Thursday, July 7, 2011

XVI by Julie Karr

Nina Oberon's life is pretty normal: she hangs out with her best friend, Sandy, and their crew, goes to school, plays with her little sister, Dee. But Nina is 15. And like all girls she'll receive a Governing Council-ordered tattoo on her 16th birthday. XVI. Those three letters will be branded on her wrist, announcing to all the world—even the most predatory of men—that she is ready for sex. Considered easy prey by some, portrayed by the Media as sluts who ask for attacks, becoming a "sex-teen" is Nina's worst fear. That is, until right before her birthday, when Nina's mom is brutally attacked. With her dying breaths, she reveals to Nina a shocking truth about her past—one that destroys everything Nina thought she knew. Now, alone but for her sister, Nina must try to discover who she really is, all the while staying one step ahead of her mother's killer.

I liked some of the dysoptianess of the book. I liked Grannie and Pops, the grandparents. I didn't really connect with Nina. I thought her sister, Dee was five-years-old the way she acted but she's actually eleven.
When girls turn sixteen in this world, they are tattooed with "XVI" on their wrist to signify their age and the legality of any man having sex with her. The government owns the media and the media tells the population sex whenever and with whoever is perfectly fine as long as they are sixteen. If the girl gets pregnant, it's up the to boy what happens to the baby. Girls are taught they are sex toys and it's fine.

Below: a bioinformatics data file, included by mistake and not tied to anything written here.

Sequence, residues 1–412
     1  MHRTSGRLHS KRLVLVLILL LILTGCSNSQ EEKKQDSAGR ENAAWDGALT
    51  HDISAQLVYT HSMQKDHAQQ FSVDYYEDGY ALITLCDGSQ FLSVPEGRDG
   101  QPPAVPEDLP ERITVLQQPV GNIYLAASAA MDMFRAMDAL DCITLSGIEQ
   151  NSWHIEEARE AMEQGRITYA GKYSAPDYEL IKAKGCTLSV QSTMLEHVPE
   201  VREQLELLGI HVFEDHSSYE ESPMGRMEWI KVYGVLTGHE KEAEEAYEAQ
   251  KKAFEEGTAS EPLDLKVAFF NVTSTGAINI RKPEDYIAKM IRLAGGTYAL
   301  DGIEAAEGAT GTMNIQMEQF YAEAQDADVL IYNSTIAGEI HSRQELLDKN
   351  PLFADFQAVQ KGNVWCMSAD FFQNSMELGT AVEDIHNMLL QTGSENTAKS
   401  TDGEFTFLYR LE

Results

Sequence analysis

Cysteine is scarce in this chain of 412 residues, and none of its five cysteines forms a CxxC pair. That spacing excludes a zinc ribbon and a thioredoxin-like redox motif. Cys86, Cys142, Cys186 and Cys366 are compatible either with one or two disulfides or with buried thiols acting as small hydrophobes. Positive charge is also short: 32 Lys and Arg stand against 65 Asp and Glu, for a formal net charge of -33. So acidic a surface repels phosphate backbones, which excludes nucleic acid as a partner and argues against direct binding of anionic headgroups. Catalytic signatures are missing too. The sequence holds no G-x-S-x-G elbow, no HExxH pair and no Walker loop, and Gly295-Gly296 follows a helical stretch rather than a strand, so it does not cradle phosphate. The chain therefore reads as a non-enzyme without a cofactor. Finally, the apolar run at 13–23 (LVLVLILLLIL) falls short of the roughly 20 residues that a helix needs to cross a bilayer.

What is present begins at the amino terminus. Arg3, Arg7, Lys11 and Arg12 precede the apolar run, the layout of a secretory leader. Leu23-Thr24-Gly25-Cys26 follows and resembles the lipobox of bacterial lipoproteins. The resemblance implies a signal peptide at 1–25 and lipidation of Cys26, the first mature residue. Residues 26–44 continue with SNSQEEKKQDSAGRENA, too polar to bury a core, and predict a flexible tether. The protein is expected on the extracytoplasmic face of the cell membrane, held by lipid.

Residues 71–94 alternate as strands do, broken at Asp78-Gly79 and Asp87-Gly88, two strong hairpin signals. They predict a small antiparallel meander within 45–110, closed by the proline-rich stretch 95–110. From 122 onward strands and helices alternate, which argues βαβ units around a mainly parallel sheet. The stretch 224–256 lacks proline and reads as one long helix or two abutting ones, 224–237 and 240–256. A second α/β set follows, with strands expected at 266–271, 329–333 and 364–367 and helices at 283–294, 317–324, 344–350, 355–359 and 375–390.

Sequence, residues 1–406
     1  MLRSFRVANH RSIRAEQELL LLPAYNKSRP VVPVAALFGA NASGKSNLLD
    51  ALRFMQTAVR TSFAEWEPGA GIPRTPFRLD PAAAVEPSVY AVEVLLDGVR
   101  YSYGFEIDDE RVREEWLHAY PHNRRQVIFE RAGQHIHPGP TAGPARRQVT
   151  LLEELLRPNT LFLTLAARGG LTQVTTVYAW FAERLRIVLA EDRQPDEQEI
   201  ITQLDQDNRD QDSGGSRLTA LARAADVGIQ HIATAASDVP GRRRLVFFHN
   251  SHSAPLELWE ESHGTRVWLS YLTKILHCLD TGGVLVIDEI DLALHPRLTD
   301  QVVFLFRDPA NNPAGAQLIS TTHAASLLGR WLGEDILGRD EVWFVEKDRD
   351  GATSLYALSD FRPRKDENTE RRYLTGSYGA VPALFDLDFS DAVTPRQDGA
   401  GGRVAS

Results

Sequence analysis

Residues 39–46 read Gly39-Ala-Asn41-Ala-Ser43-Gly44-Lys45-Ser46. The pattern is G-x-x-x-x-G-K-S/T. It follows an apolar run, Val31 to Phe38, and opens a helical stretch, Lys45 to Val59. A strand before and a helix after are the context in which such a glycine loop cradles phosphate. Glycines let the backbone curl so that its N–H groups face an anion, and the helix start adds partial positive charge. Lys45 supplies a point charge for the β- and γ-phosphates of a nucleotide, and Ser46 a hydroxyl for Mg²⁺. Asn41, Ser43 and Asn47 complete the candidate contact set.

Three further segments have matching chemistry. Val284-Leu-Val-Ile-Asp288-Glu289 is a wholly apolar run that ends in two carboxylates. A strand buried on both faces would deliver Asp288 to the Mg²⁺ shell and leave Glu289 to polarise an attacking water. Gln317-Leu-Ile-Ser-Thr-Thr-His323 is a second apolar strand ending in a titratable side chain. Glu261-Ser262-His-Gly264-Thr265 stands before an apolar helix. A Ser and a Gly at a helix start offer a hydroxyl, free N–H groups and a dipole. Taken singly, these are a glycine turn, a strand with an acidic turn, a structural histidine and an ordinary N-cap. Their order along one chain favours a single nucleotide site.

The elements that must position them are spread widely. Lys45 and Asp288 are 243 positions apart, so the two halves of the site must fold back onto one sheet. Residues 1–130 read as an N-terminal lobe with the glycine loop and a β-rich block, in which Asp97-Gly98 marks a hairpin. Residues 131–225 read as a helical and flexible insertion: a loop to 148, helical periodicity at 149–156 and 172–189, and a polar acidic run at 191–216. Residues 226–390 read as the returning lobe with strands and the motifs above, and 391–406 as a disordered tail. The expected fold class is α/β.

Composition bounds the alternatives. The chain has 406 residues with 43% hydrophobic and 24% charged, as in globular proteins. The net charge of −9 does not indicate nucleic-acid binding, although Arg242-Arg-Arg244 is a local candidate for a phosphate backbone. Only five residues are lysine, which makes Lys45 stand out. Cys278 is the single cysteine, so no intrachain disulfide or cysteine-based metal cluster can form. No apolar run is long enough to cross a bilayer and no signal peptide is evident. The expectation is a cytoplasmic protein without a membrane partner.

Kudos to the author for having the main character disgusted with the whole XVI and sex propaganda. 
I got tired of the "big brother is evil" scenarios. On the other hand, there wasn't much story line for how the world came about or how the resistance was going to stop the government from having so much control and I would've liked to read more about that plot.

Rating: PG 15 (max)
V: fighting
L: a little. "F" bomb toward the end
S: constant talk of it but no scenes

25% test (p. 81):
"...found out my mom was a tier-two cashier, most of them quit talking to me. I didn't let it get to me too much--when we were tier-five, I never talked to tier-twos. Besides, I get so caught up in my drawing that I'd have probably ignored Can Stacy if he'd walked in the room.
Even thinking about that move made me feel angry, and then could I be angry at Ginnie now? Then Dee came in and hung over the back of a chair, her toes skimming the floor. You think Maddie and Justin still go to Dickens?"
"Sure, I bet most of your friends will be at your old school. We've only been gone four years.  I hoped I was right. She needed something to make her feel better. She needed friends.
"Neens...I miss Mom." She sobbed quietly next to me. 
I scooped her up knocking of the container of flour with my elbow, hugging her as tight as I could, Holding back my own tears. Even though she was eleven, she felt so small, so vulnerable. Eventually, she stopped crying.
"I'm sorry." She sniffed and swallowed hard. "You miss her, too, don't you?"
"Yes, I do."
"What did they do with her body? Is it out in space with all the burial pods?" She wiped her eyes with the back of her hand and looked at me expectantly.
i didn't know what had happened--"We'll dispose of the body in the usual manner..."--I had to say something comforting. "Yes, it is. They sent her body out that very morning. She's up among the stars now."
"Gran says she's in heaven." Dee looked at me. "You don't believe in heaven, do you?"

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